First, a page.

They were always contained and “molded” into what the government or leaders expected the people to wear. Fig. 4 (p. 132) Similar to clothing, any call of actions seemed irrelevant to the government. Demonstrators would chant, “Guns may shoot and knives may carve, but we won’t wear your silly scarves!… when suddenly things got nasty. THE SCARF OR A BEATING! ” (Satrapi 76) but did that stop the army or any opposition? No. Citizens were stabbed, beaten, thrown into jail, and/ or killed. When someone went against the norm and fought for freedom, their actions were considered heroic.

The government, however did not recognize any heroic action during the Shah’s regime, Islamic Revolution, or during the the Iraq-Iran War, they simply used the citizens as objects and as a clearing when it dealt with reforms or any demonstrations. During the war, military leaders recruited young children to be “soldiers” and the Fig. 5 (p. 101) leaders would then hypnotize them into thinking what they are doing is commendable and promised them a better life using them as a “human wave”. (Fig. 5) When in reality, the children who were “promised a better life, exploded on the mine? lds” never having the chance to obtain actual freedom or happiness. (Satrapi 102) (Fig. 6) Once again, the government molded and manipulated the children to follow their rules and regulations simply for their own purpose. Not only did the the government have a huge impact on the citizens’ lives physically, they also challenged the citizens’ knowledge of freedom during drastic situations. In order for the citizens Fig. 6 (p. 102) to avoid being thrown into jail or tortured, they had to follow and obey the government. Even during the war, the slightest sound of a siren frazzled the citizens of Iran.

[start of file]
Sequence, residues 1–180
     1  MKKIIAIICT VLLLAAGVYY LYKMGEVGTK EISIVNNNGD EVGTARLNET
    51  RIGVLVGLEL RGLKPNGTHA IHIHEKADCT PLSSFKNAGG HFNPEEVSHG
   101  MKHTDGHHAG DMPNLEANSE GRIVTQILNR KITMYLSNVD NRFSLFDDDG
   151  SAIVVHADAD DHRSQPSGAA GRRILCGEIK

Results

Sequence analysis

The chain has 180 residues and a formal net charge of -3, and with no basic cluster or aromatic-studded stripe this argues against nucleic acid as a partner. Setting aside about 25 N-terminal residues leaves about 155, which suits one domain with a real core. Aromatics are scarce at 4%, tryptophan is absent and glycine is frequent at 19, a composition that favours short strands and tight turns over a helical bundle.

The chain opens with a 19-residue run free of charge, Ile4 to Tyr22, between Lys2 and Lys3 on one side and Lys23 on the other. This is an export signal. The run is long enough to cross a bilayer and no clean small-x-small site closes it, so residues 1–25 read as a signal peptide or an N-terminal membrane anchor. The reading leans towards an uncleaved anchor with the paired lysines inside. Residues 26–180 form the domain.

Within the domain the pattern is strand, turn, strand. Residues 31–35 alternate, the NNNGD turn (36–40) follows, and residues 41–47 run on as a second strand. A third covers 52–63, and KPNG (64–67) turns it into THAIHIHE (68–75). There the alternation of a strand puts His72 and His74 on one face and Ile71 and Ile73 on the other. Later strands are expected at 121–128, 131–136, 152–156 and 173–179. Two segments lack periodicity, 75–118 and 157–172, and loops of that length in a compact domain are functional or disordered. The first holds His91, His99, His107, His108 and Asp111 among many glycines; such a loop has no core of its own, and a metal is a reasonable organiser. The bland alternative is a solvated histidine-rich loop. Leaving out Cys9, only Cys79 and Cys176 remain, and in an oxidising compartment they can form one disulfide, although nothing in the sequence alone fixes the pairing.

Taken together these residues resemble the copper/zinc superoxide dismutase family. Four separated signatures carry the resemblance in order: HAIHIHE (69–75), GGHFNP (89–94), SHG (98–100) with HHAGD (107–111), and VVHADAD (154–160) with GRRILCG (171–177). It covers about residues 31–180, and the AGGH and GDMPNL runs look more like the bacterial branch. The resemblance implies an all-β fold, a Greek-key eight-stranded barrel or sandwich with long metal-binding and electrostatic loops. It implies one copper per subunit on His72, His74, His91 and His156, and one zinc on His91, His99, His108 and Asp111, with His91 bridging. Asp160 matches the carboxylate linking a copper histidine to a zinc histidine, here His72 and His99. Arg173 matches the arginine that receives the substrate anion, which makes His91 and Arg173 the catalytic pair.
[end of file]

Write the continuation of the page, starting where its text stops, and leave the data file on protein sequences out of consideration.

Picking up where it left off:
Knowing that the sirens were a warning about the bombings, Marji’s aunt quickly goes into a state of fear. Her insecurity of getting caught at a party with wine, both of which were forbidden, showcased how much of an impact the government has on the citizens and the terror that lies within them if they were to possibly happen get caught. (Fig. 7) “I found myself with the newborn baby we had been celebrating in my arms. Her mother had already abandoned her. ” (Satrapi 107) That alone, depicts the sad and harsh reality of how an individual can not even challenge government laws or rules because the outcome is Fig. (p. 107) far more severe and life-threatening if and when they rebel against authority. One reader can argue that Marji’s aunt ? ed out of fear because of the bombings during the war and it had no correlation to being caught. However, her action of abandoning her baby at the party can justify my reasonings of her fear of being caught. Another different scenario in which an action led to the a somber outcome was when Marji’s friend, Pardisse talked about her father, who was a ? ghter pilot, and how he died during the Iraq-Iran War.